Ducati.ms - The Ultimate Ducati Forum banner

1 - 5 of 5 Posts

·
Registered
Joined
·
49 Posts
Discussion Starter #1
So the other day I was in my BMW at the light before the freeway. A Suzuki pulls up next to me and the light turns green. He takes off, pops a wheelie about 18 inches off the ground, and when his front wheel comes down his bike wiggles noticeable (I can see it from behind), and he takes off.

My question is 1) why did it wiggle, and 2) what is the right thing to do in that situation? Slow down and have it settle, or twist it hard and take off?
 

·
Premium Member
Joined
·
274 Posts
Keep both wheels on the ground, times are faster that way anyhow....
But seriously, It is from the tire in the front spinning slower than the pavement speed.
Wheely head shake can be fixed by, adding or changing to a adjustable steering damper. I have noticed that shorter bikes tend to have wheely head shake more often then a bike that is slightly longer. For example the 2006 kawa zx10r was a shorty little bike and had aweful head shake when the front tire was on pavement at full acceleration.
To answer your question best the situation dictates the action.
If you experiance head shake from a hard throttle take off with marginal wheel lift it is best to stay hard on the grip keeping the front tire light to catch up to speed, conversly if you are performing a full wheel stand for a prolonged period of time and you know your front tire is going slower than the pavement you want to chop the throttle and let the tire settle hard on the pavement which puts maximum pressure on your tire fast ( other wise you will experiance the DEATH wobble and It can throw ya), this is very very hard on your forks, wheels and just plain immature.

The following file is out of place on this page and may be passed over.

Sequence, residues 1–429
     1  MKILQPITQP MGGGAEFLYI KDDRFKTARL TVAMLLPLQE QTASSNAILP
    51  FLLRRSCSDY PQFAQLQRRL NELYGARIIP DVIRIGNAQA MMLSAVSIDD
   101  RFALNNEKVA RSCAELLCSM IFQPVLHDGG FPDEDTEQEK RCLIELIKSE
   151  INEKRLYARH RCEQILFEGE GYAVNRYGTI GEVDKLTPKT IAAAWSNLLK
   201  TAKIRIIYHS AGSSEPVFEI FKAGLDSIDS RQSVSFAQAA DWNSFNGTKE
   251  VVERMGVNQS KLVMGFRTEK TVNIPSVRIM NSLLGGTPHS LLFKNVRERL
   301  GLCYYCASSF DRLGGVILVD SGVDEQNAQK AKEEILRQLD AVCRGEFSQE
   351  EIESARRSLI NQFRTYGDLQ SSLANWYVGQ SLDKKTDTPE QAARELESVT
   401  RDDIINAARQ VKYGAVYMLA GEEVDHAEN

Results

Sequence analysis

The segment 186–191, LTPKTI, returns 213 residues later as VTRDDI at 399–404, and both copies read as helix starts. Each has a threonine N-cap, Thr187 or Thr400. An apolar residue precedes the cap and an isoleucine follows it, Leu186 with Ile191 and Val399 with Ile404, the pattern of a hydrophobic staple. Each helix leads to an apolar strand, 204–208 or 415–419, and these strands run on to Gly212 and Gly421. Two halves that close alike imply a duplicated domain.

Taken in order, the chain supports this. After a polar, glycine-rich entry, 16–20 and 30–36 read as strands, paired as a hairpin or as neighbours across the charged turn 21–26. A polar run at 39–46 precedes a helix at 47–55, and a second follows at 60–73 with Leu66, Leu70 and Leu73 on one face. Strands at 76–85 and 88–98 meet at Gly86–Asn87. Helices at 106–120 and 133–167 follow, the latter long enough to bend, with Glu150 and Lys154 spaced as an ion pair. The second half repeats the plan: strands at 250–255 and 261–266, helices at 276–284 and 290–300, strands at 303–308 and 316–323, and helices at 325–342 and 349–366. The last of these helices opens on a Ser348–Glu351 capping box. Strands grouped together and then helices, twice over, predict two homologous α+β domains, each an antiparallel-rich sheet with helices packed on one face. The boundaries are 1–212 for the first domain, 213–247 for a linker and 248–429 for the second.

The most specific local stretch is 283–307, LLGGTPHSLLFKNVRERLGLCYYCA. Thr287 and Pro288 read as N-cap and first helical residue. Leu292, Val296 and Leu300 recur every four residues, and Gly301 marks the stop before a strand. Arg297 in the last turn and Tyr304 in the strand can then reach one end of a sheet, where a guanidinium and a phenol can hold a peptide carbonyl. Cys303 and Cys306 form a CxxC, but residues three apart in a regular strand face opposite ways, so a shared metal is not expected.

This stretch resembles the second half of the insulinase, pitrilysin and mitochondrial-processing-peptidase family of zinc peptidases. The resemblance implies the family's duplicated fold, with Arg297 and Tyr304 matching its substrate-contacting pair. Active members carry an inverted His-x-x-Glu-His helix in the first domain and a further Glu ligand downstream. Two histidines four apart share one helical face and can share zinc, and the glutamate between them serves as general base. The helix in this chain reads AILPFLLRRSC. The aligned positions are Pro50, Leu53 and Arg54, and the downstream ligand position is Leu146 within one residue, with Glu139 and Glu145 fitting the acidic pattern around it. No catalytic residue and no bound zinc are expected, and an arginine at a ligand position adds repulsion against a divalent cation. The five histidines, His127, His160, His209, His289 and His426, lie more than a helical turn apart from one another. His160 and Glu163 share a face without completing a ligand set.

All of this comming from years of riding and learning the hard way about stupid stunts.
 

·
Senior Member
Joined
·
9,757 Posts
If the guy popped a wheelie and he wiggled coming down it's cause his over-enthusiastic ass didn't have the bars straight as he landed, so when he came down the bike had to straighten itself out (think shopping cart wheels righting themselves). Not exactly a tank slapper, but the dynamics are the same (just a different cause). I've seen and performed some pretty high speed wheelies and the bars did not wobble provided they were straight upon landing.

The proper thing to do is to keep going and let the bike right itself (don't even need to speed up in that situation really). I've always wondered though, does a loose steering damper help in that situation, or a really stiff one? Think about it, if your steering damper is at full stiff it is really hard to turn the bars, so theoretically if you came down with the bars sideways they'd take longer to right themselves. A stiff damper setting is good if you've got weave from an aggressive setup, but this kind of tank slaper occurs at a speed and trajectory where the bike has no problem righting itself.



Never pay again for live sex! | Hot girls doing naughty stuff for free! | Chat for free!
 

·
Registered
Joined
·
357 Posts
+1^^. Comes from the front wheel not being straight when landing. I learned the hard way unfortunately. Tank slapper that bucked me right off onto my face. Learned to always have the wheel straight when coming down. So if this squid had a baby tank slapper from just taking off, he will soon learn the hard way.

Shazaam has a great write up about tank slappers in the Halls of Wisom.
 

·
Registered
Joined
·
228 Posts
If you ever get into a tank slap situation, first thing is pull in clutch. This has been tested many time coming out of turn 9 at Summit Point with a very unhappy RC-51 trying to buck me off. Works everytime. Knock on wood!
 
1 - 5 of 5 Posts
Top